Saturday, March 31, 2007

I'm not going to let this go to my head.

That's a picture of me switching from the Red Line train to the Brown Line train at the Fullerton stop. It's a screen capture of a video podcast of CTA Connections, the Chicago Transit Authority's public access show. A reader happened to recognize me in the video and send in this picture. (You can see the whole thing (and my sexy walk) on the iTunes store; search for "CTA Connections" and watch the video from March.)

As you can see, I'm incredibly excited about the Brown Line expansion project, which will force the CTA to use three tracks instead of four at Fullerton and Belmont, the two busiest El stations on the north side, which means I'll have to actually wake up at six in the morning for the next three years instead of hitting the snooze button for an hour.

(Thanks to Michael for the tip!)

Friday, March 30, 2007

I took a sip from my devil cup?

Our server is down today so I have absolutely nothing to do. I've been playing Sudoku for an hour and a half, and Gawker isn't updating quickly enough for me. So to avoid being bored enough to read Wonkette, here are two random, unrelated thoughts

I downloaded this five-song sampler of songs from Mark Ronson's upcoming album, Version, and there's a cover of "Toxic" that makes me flip my shit whenever I hear it. It's great because he mixes in a Ol' Dirty Bastard song that includes the lyric, "Fuck the pussy 'til it's orange like Ernie and Bert." I think we all know my stance on the p-word (it should only be used for humor's sake!) (it reminds me too much of first grade, which should give you an idea of what my public school system was like), but that line's too good to ignore, especially since it's in a cover of a Britney Spears song.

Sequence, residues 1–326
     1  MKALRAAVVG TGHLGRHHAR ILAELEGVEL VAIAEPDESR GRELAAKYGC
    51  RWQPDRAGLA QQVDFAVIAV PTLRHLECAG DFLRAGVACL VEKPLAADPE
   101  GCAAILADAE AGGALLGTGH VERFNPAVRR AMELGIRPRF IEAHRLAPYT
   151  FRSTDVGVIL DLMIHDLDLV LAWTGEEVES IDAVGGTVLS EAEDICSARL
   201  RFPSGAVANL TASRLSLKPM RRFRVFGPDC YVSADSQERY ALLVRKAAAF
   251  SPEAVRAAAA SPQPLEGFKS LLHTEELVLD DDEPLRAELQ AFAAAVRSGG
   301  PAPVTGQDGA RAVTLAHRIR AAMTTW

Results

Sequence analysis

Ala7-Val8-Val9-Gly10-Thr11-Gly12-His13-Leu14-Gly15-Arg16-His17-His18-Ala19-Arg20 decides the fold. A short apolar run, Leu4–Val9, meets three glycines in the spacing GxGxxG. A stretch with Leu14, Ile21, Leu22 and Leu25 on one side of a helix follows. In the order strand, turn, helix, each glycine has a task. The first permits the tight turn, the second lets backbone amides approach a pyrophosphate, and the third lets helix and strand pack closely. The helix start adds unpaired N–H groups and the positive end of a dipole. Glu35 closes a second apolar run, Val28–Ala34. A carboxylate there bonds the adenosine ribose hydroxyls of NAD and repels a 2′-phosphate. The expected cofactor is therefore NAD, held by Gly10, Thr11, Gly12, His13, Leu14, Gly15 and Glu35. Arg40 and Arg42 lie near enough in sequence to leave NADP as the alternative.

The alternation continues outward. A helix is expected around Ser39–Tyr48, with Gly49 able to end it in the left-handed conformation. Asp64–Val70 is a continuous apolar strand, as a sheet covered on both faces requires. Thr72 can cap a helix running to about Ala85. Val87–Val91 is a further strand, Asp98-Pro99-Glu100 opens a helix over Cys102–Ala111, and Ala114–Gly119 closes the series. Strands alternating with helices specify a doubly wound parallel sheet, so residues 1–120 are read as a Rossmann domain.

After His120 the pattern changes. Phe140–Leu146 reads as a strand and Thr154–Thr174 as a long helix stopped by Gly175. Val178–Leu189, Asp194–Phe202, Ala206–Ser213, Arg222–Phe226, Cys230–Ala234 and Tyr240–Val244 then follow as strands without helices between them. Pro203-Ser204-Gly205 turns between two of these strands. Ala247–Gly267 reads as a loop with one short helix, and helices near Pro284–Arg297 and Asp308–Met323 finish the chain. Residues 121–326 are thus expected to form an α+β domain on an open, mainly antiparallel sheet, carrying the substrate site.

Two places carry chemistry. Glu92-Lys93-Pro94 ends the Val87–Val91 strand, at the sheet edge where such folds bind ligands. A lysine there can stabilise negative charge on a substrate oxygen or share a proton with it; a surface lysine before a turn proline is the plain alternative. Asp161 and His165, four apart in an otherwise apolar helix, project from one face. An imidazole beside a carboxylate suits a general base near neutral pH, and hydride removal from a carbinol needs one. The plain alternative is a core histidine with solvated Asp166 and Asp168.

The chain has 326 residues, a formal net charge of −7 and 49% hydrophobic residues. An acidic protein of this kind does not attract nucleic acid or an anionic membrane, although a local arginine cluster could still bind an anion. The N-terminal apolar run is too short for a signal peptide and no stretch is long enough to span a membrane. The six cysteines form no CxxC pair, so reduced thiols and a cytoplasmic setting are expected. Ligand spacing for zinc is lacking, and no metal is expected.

Also, I've got this ticket to see Neko Case tonight, and I'm totally not excited about it at all. It's either because of my shitty week, or a sign of a larger issue (apathy toward favorite activities is a sign of depression!), but I really don't feel like going, especially since it's sold out and no one is going with me. Julia and I have been looking for tickets on Craigslist for a few days but I'm not having any luck, so we'll see if I can convince her to buy them from a scalper in front of Park West (which is highly unlikely considering Julia's hesitations that undercover cops might be trying to catch people on Craigslist). Still, I'd rather be by myself in a room of 899 strangers and Neko Case than sitting at home, most likely making it a double-feature night of Eddie and the Cruisers and Blood Diamond. Buzzkill!

This was an easy one.

I decided last night after seeing The Host that if I ever go back to school, I'm going to write a thesis concerning the Freudian imagery in twenty-first century Asian monster films.

I'm sure the dudes who find my blog by Googling "big hairy vaginas" will love it.

Thursday, March 29, 2007

Dead shark.